From the kiddie gangster spoof Bugsy Malone to the school musical Fame to the acid trip extravagance of Pink Floyd: The Wall, British director Alan Parker had one of the most eclectic careers in filmmaking. His sleazy horror thriller Angel Heart may not have been much of a success in 1987, but thanks to one notorious scene and a memorable twist ending, it has endured as an influential cult property.
Theatrical Release Date: March 6, 1987
Blu-ray Release Date: November 24, 2009
Directed by: Alan Parker
Starring: Mickey Rourke, Robert De Niro, Lisa Bonet
Blu-ray Special Features: Audio commentaries, director introduction, interviews, trailer
Set in the grimy underbelly of 1955 New York City, Mickey Rourke stars as a seedy P.I. named Harold Angel. Accustomed to working small-time infidelity or blackmail cases, Harry is hired by a wealthy, mysterious stranger named Louis Cyphre (Robert De Niro) to track down Johnny Liebling, a.k.a. Johnny Favorite, a once-popular singer who reneged on a debt and disappeared a dozen years earlier. The job is a little beyond the scope of Harry’s expertise, but he’s happy to collect the generous paychecks that Cyphre offers. If it gets him out of the city for a little while, all the better.
The search leads Harry down to New Orleans, where he discovers that Johnny Favorite may have been entangled with a voodoo and/or Devil worshipping cult. Although he doesn’t believe in magic or the occult himself, Harry becomes infatuated with a beautiful, young mixed-race woman named Epiphany Proudfoot (Lisa Bonet) with ties to the cult and to Johnny. The closer he gets to her and the deeper he digs into the case, disturbing revelations shake Harry to the core of his being and make him question everything he knows, not just about his client, but about his own sanity.
Technically, Angel Heart has two big plot twists, neither of them too difficult to figure out while watching, even during a first-time viewing. Even Harry comments on how obvious one of them should have been to him. Less important than the details of the plot is the atmosphere that Parker creates and lets his characters wallow in. The film is a very greasy, sweaty, sticky experience. It oozes style in an almost literal sense, and its textures are remarkably palpable. The deep shadows that cloak nearly every scene offer no respite from the oppressive heat that presses down onto everyone on screen.
Bonet, who was 18 at the time of filming, had just left The Cosby Show and wanted to prove herself as an adult actress before starting the spinoff A Different World. Not only does she do quite a bit of nudity here, the movie’s centerpiece sex scene still holds up as shocking, violent, and disturbing, even in the final version trimmed down to secure an R rating. Bill Cosby was reportedly very critical of the film, but of course his comments can only be seen as extremely hypocritical now.
De Niro glowers with menace as the enigmatic Mr. Cyphre. Just a few months later and a few dozen pounds heavier, he’d play another iconic screen villain in Brian De Palma’s adaptation of The Untouchables.
Rourke is well cast in the lead. Although still in the handsome dreamboat phase of his career, he plays a dirtbag well and grows increasingly disheveled as the story goes on. Another actor might have struggled to sell the transition to the histrionics at the end, but he pulls it off.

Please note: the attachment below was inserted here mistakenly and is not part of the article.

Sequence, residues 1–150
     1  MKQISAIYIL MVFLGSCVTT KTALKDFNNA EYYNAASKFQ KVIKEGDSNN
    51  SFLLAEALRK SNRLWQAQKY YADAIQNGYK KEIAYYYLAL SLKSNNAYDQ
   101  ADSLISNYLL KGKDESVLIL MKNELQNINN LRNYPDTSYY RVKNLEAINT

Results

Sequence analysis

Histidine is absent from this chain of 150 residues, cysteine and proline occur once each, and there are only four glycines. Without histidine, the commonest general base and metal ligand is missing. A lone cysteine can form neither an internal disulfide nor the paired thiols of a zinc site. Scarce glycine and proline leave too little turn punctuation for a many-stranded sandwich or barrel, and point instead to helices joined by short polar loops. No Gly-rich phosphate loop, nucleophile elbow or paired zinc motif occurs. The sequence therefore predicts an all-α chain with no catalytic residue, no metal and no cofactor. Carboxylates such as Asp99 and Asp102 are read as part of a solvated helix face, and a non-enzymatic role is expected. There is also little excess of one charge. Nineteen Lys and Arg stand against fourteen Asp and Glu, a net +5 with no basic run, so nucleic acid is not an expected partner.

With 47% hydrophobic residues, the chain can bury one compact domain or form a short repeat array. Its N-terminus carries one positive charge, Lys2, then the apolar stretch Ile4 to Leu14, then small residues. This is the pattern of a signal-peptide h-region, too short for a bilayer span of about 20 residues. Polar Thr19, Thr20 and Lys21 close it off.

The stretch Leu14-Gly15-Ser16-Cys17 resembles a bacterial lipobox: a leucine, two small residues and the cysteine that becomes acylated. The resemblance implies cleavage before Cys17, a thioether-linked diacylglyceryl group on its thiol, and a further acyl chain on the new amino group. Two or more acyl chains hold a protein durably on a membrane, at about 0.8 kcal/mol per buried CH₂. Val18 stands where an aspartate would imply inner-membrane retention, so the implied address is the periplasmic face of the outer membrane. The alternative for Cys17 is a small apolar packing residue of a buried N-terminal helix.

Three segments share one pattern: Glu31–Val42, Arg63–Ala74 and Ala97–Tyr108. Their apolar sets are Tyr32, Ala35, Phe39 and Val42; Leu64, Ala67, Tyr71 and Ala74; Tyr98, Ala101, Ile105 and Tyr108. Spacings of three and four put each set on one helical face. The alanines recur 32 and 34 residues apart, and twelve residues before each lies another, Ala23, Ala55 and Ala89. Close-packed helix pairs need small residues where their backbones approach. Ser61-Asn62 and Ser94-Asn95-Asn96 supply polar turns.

However, framing the story as a white man’s journey into the dark and Satanic world of a black subculture is problematic on many levels. The film isn’t exactly sensitive in its racial politics. (This problem also afflicts some of Parker’s other work to varying degrees, including Midnight Express and Mississippi Burning.) Even though the true villains of the piece are white, the black characters aside from Epiphany are largely faceless and disposable, and all of them, including Epiphany, are treated as objects of exoticism for the white hero (and white audience) to gawk at. That may not have been the filmmaker’s intention, but it was called out by many critics at the time and is very hard to overlook today.
Flawed though it may be, Angel Heart is nevertheless a creepy and at times very suspenseful horror film that manages to get under your skin with a pervasive feeling of dread that’s hard to shake afterwards.
Issued with little fanfare in late 2009 as a budget catalog release (I bought a copy at Costco in early 2010 for all of $7.99), sporting some very generic and ugly Photoshop cover art, the Blu-ray edition of Angel Heart from Lionsgate turns out to be a more-than-decent copy of the film. I sat down to watch the disc with low expectations, fully prepared to find an old video transfer and weak sound. Surprisingly, it actually looks and sounds very good. The mildly letterboxed 1.85:1 image is fairly sharp with a light and appropriate texture of grain. The cinematography by Michael Seresin (Harry Potter and the Prisoner of Azkaban) makes striking use of almost impenetrable shadows pierced by carefully sculpted shafts of light. Blacks are inky and rich while the illuminated portions of the frame are well exposed. The movie mostly has a muted palette of browns and grays, which makes the occasional appearance of other colors (especially the vivid red of blood) pop dramatically.
The DTS-HD Master Audio 5.1 soundtrack brings out the best in Trevor Jones’ jazzy score. The music is reproduced with excellent fidelity. Bass may not slam into the deepest registers, but the soundtrack can get quite loud and dynamic in parts. Quieter passages, meanwhile, generate atmosphere with subtle, creepy sounds in the surround channels.
All of the bonus features first appeared on a Special Edition DVD from 2004. They include a video introduction by Alan Parker, a director’s commentary, a selected scenes commentary by Mickey Rourke, interviews with both Parker and Rourke, and a trailer.
Even the disc’s animated menus are pretty cool.